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not received such treatment. In his last finding, the judge stated, "The degree of denial shown by [Laura's mother] and the lack of cooperation shown by [Paul] raise serious concerns as to whether they would, if left to their own devices, provide the care necessary for [Laura's] well-being."

In the section entitled "Discussion," the judge analyzed the evidence as to whether Laura was sexually abused by Paul, including the evidence on whether Laura had contracted herpes simplex virus. [Note 3] He wrote, "There is considerable evidence tending to prove that [Paul] sexually abused his daughter [Laura]." However, he stated, "Even though the evidence suggests that [Laura] was sexually abused by [Paul], and suggests that [Laura] could be repressing awareness of that abuse, that evidence is not adequately clear and convincing to me in the face of [Laura's] denial." He also stated, "I do not find that there is clear and convincing evidence that [Laura] was infected with the Herpes Simplex Virus [by Paul]." The judge then concluded, "The evidence is not clear and convincing that [Paul] has sexually abused his daughter [Laura]. However, there is indeed sufficient cause for serious concern, and [the department] should not ignore this family. [The department] should make counselling services available to [Laura], as the parents cannot be relied on to provide them."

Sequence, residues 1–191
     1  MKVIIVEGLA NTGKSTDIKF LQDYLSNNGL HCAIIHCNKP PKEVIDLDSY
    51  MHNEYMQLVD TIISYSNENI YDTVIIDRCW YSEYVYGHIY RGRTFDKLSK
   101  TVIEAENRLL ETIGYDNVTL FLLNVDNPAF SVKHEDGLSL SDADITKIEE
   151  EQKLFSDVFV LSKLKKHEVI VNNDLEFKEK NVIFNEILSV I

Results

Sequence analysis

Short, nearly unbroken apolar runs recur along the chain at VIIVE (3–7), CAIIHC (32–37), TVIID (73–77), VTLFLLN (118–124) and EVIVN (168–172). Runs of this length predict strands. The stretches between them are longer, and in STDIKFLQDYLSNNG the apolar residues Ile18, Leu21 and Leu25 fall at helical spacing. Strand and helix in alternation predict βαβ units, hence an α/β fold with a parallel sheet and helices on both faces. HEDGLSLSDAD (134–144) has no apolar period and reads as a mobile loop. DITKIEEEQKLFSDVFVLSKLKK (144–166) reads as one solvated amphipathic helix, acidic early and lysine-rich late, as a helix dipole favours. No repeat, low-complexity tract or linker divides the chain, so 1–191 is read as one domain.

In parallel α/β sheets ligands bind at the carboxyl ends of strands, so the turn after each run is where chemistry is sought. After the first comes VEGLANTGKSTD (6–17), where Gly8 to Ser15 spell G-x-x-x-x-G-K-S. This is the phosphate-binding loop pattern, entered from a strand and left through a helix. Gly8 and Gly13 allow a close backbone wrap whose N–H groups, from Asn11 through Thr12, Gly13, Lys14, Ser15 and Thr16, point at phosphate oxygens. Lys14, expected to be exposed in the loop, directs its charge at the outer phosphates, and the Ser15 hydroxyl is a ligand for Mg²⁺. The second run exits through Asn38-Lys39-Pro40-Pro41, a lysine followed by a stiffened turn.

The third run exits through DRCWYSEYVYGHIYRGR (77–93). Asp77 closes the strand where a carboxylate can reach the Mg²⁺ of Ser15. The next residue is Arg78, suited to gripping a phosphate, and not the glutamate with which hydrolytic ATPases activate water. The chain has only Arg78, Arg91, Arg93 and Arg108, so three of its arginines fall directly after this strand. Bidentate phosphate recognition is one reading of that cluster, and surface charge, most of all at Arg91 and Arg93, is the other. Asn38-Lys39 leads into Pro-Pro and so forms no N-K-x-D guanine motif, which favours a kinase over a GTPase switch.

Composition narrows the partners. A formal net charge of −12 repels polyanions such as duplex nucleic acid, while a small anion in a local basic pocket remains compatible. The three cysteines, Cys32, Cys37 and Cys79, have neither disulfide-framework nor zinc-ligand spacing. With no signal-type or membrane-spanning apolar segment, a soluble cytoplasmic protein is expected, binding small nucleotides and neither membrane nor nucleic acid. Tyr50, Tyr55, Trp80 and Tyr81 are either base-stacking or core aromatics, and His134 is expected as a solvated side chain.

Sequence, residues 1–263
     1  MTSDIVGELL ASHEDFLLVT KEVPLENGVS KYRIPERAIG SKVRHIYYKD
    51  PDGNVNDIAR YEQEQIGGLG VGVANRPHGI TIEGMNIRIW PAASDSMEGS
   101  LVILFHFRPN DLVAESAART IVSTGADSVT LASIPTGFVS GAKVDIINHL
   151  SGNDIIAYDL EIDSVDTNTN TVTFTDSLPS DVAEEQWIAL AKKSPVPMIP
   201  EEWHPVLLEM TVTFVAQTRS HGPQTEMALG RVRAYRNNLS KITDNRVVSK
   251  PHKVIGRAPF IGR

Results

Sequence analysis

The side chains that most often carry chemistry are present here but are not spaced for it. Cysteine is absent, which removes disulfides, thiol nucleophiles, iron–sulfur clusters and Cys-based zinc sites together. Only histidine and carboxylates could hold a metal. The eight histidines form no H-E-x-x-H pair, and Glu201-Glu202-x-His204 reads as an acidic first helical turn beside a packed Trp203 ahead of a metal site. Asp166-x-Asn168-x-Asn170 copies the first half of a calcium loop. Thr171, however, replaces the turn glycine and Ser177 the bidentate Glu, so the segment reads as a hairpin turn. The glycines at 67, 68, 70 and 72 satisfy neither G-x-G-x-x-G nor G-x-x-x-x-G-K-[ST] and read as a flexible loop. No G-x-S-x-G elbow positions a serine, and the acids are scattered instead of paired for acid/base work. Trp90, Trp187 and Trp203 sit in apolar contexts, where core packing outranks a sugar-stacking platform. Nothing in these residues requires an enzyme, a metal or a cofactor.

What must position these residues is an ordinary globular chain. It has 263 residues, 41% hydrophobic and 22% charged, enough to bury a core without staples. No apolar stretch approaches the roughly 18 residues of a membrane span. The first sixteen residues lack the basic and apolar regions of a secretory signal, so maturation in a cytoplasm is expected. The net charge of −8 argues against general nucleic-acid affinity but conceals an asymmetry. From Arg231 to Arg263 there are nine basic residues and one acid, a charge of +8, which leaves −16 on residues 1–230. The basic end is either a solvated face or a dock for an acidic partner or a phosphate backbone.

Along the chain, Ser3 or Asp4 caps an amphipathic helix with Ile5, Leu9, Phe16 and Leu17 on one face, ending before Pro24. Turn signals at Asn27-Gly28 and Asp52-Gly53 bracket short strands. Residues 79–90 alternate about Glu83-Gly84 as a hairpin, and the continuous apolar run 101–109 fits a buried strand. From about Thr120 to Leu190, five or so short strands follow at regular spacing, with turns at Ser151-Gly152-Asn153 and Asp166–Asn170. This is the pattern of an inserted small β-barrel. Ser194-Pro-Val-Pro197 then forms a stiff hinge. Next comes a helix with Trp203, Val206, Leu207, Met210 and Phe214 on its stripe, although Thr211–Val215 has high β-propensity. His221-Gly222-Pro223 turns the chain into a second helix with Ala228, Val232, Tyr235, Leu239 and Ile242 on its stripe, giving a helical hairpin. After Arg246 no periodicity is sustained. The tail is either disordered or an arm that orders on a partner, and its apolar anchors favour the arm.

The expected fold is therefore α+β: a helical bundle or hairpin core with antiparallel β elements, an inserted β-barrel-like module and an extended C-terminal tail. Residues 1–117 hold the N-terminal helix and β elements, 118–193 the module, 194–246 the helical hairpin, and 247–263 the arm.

Since the United States Supreme Court's decision in Santosky v. Kramer, 455 U.S. 745 (1982), we have required that current parental unfitness be proved by clear and convincing evidence in both care and protection cases and in proceedings to dispense with consent to adoption under G. L. c. 210, Section 3 (1990 ed.). Adoption of Frederick, 405 Mass. 1, 4-5 (1989). Care & Protection of Three Minors, 392 Mass. 704, 711-712 (1984).

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Santosky v. Kramer, supra at 769-770. "[S]uch a standard adequately conveys to the factfinder the level of subjective certainty about his factual conclusions necessary to satisfy due process." Santosky v. Kramer, supra at 769. Additionally, we have required the judge to enter specific and detailed findings demonstrating that close attention has been given the evidence. Custody of Two Minors, 396 Mass. 610, 619 (1986), citing Petition of Dep't of Pub. Welfare to Dispense with Consent to Adoption, 383 Mass. 573, 592 (1981). The "factual conclusion," or as we have called it, the "critical inquiry," in reviewing a care and protection petition has always been "current parental unfitness." Adoption of Frederick, supra at 4. Custody of a Minor (No. 1), 377 Mass. 876, 883 (1979). We have never addressed the question whether the judge's subsidiary factual findings in reaching that conclusion, however, must also be proved by clear and convincing evidence.